There is an interesting analysis by Jeremy Page in The Times, on the Kabul attack on the UN hostel.
Page thinks the Haqqani Network is the most likely culprit, and the operation certainly seems to have their fingerprints. This, of course, is the organisation based in Miranshah, in North Waziristan, slated as "good Taleban" by the Pakistanis (a ridiculous description), meaning that their efforts are focused on Afghanistan rather than on creating mayhem in Pakistan.
What Page notes, though, is that the attackers in Kabul used similar tactics to their Pakistani counterparts, apparently disguising today's attackers with police uniforms, and using a combination of gunmen and suicide bombers. This points to a closer association between the "Afghan" and the "Pakistani" Taleban than rhetoric would have it.
This is precisely what we were asserting in our earlier piece, suggesting that the distinction was more apparent than real – a convenient artefact, which enable the Pakistani Army to go hunting Taleban in South Waziristan, leaving the northern agency untouched for the time being.
Interestingly, after writing yesterday that experts were suggesting that the operation in South Waziristan was too thinly resourced to achieve any lasting effect and, therefore, that it was "aiming to fail", we picked up and agency piece today, rehearsing the same issue.
It cites Sameer Lalwani, author of a new report for the New America Foundation, who says there are not enough Pakistani troops to challenge the extremists and building up such a strong force would require huge efforts. His estimate is that anything between 370,000 and 430,000 troops would be needed to take on the tribes and carry out an effective counterinsurgency operation in the region.
Yet The Christian Science Monitor quotes Lalwani, as saying "The most Pakistan could free up from its border with India would be 152,000 more. Cobbling together a force of the needed size would take two to five years." Thus, the growing suspicion is that the Pakistani action is largely "cosmetic".
With the massive bombing in Peshawar (pictured), on top of the recent spate of terrorist attacks in Pakistan, Max Fisher over at AtlanticWire blog pulls together a compendium of commentary from the region. One commentator puts the case for the fighting in the tribal areas spilling over into the rest of Pakistan, leading to a full-scale civil war and the demise of Pakistan as a state.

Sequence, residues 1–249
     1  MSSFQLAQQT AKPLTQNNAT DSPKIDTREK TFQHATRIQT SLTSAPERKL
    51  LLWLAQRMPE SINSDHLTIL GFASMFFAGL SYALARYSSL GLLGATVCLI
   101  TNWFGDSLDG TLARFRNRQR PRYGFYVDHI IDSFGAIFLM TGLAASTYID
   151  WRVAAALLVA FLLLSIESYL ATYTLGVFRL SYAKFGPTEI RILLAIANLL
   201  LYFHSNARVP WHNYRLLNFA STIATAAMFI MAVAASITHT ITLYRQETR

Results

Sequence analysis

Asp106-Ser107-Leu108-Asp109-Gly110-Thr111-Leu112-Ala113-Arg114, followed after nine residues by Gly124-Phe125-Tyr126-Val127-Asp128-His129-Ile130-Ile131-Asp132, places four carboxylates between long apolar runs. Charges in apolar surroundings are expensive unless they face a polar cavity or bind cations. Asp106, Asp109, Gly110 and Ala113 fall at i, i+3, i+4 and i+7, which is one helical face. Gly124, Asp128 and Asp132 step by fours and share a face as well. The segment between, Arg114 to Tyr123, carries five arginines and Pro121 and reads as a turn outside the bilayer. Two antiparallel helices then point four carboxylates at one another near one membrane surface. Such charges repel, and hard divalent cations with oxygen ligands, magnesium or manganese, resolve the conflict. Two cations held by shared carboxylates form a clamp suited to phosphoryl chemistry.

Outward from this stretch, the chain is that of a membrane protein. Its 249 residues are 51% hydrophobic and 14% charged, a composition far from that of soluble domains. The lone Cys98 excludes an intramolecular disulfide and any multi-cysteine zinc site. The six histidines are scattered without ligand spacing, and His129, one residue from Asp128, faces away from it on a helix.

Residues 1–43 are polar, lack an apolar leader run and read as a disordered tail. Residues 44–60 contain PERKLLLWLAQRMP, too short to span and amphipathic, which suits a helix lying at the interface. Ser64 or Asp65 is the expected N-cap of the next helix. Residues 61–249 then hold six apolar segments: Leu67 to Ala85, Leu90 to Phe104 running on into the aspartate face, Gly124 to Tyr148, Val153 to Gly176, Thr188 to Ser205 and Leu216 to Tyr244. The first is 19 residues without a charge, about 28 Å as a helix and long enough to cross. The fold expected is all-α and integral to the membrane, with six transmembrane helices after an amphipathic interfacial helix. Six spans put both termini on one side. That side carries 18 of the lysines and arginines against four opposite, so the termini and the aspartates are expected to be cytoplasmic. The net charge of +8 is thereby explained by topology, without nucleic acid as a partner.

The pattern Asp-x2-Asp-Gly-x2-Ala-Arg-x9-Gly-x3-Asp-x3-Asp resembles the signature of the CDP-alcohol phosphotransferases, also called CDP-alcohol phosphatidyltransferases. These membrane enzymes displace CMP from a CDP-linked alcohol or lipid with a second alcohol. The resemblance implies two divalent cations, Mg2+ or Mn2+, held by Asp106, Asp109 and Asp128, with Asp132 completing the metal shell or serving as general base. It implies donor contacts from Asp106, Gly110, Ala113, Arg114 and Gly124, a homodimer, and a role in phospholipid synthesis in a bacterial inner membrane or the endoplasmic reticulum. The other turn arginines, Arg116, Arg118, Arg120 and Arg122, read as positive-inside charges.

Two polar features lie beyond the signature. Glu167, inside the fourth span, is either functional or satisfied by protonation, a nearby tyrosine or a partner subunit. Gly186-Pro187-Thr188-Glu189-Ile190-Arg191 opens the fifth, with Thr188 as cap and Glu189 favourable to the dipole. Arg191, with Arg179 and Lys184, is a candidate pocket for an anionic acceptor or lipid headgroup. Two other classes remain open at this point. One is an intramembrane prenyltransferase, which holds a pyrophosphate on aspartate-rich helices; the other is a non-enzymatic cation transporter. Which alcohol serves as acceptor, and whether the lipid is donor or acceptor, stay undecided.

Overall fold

The instability in Pakistan, and the scale of the violence, somewhat relegates Afghanistan to the level of a second-order problem, but it raises the interesting question as to whether our attempts at "nation building" in Afghanistan are actually responsible for triggering the even bigger problem in Pakistan, where we could be witnessing the collapse of a nation.
From a domestic (UK) point of view, the growing instability in Pakistan has massive implications. Already under strain from Moslem immigration, much of it from Pakistan, with a growing and highly voluble fundamentalist faction, civil war – or something approaching it – this could trigger another wave of immigration, which would be hard to contain. Current EU rules would prevent us from excluding members of extended families, which collectively could number hundreds of thousands.
And, with regional passions high, we could see the various factions fight out their battles on British turf, the violence spilling over into the streets of England. Kabul and Peshawar may seem distant but this is the "global village" in practice, with faraway events, and policies of which we take little notice, coming back to haunt us in unpleasant and dangerous ways.